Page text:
Continuing our road trip out to Darlene’s mom, we hit up a bunch of different parks in Minnesota and Wisconsin – some on my own (with Pan and Hera) while Darlene helped her mom during her hip surgery recovery and some together both before and after.  We got in some mountain biking, kayaking and sightseeing all around as well as a two-day photo shoot for Carlyn’s high school graduation.  However, I forgot to take any pictures while camped out with the cats in her mom’s driveway for a couple of weeks!

      

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Mud and Snow in Tahoe

Troy, Resi and Aiden came up to the Tahoe house in mid-April to get a couple of last days in before Homewood and several other Tahoe resorts had their closing weekend.  Definitely spring skiing conditions with slush (and mud) at the bottom and, up top, overnight frozen snow turning too soft mid-way through the day.  But then, as they headed back to the Bay Area, the temperatures dropped and we got another snow storm Sunday night.  Jon joined me at Alpine Meadows and then Squaw Valley to enjoy a last couple of powder days for the season!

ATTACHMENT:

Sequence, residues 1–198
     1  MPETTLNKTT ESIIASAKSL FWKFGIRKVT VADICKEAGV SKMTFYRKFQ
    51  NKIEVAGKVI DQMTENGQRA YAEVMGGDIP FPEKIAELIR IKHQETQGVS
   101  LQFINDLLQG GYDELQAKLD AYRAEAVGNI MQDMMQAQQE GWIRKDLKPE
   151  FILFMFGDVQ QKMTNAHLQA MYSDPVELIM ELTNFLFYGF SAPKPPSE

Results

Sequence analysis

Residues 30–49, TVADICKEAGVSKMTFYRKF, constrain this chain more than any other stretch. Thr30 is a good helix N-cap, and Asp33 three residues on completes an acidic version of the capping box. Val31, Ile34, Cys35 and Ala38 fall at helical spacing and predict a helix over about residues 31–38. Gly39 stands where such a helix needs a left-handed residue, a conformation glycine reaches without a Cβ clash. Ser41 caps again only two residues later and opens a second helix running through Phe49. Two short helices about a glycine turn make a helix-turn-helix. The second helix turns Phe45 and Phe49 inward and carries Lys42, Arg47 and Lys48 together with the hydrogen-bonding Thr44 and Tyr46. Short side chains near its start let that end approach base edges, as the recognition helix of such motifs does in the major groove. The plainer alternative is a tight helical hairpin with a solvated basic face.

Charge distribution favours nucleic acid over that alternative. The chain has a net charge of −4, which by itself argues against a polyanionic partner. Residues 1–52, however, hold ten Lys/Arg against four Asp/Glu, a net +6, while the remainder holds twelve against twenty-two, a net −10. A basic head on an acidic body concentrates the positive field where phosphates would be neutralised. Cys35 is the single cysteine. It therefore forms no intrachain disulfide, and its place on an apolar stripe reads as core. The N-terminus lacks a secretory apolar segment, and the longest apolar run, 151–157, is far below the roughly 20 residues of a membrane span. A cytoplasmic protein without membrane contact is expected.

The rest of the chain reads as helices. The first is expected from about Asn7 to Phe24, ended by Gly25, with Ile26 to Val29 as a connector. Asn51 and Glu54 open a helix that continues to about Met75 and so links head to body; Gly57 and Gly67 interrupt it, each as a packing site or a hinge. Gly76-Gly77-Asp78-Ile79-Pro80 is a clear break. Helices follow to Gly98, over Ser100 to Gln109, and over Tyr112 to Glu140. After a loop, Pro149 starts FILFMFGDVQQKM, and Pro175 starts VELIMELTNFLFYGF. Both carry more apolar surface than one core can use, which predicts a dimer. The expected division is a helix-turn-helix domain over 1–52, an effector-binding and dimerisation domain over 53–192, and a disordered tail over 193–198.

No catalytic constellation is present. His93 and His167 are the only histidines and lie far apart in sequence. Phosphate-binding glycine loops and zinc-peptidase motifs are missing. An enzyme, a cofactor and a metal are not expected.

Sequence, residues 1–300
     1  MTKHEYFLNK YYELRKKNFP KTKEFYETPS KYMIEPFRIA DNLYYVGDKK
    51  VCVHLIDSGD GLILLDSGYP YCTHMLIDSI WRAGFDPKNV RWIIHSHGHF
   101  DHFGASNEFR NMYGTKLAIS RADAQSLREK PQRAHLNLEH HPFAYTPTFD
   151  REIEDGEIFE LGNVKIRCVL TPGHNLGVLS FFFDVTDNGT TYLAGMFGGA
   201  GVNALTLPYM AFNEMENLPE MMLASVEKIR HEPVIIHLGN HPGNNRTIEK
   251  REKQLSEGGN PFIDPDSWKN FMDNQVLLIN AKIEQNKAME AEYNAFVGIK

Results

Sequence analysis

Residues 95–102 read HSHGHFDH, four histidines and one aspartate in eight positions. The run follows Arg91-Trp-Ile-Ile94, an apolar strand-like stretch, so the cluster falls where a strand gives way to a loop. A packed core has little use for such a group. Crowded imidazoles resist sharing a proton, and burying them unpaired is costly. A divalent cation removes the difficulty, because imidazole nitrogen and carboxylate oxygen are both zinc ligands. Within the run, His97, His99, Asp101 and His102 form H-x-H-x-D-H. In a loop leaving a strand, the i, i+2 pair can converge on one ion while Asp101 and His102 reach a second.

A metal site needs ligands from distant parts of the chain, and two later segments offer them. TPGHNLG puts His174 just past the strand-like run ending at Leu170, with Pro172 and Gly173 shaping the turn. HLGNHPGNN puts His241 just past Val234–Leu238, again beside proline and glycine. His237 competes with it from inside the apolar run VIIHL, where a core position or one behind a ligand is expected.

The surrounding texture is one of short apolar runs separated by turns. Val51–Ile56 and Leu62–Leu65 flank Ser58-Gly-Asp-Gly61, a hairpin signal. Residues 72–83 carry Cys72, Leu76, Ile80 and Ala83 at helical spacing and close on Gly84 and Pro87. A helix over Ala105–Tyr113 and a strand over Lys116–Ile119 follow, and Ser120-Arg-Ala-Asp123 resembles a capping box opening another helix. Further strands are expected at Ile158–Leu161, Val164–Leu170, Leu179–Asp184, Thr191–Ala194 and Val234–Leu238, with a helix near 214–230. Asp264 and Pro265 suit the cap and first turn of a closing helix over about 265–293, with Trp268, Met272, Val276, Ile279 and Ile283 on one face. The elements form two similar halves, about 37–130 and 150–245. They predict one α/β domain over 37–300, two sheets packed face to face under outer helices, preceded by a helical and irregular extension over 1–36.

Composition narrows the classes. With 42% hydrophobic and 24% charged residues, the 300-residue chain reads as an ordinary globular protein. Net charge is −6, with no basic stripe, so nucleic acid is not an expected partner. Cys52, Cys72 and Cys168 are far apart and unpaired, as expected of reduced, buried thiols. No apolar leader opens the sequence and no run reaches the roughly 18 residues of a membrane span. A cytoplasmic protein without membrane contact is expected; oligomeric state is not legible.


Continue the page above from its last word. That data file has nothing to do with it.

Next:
Troy got a friendly visit from a bear overnight.  He woke to find all four doors on his truck open and the evidence of a bit of ransacking from a dirty bear – so lucky it was unlocked or the bear might have broken in:

  

A cute little video of Pan falling asleep at the wheel:

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And Then a Lot More Snow

March really came through for snow in Tahoe!  We got one storm after another including some nice cold ones for some great light powder days.  I also closed on the purchase of a house in Tahoe Vista and with the help of Darlene, Resi, Troy and Aiden, we were able to put it to great use right away!  Troy’s brother Rick and his son Grayson also joined us for a few days at the… “Moose Haus”? “Moose Lodge”?  Even Pan and Hera came up for a couple of weeks.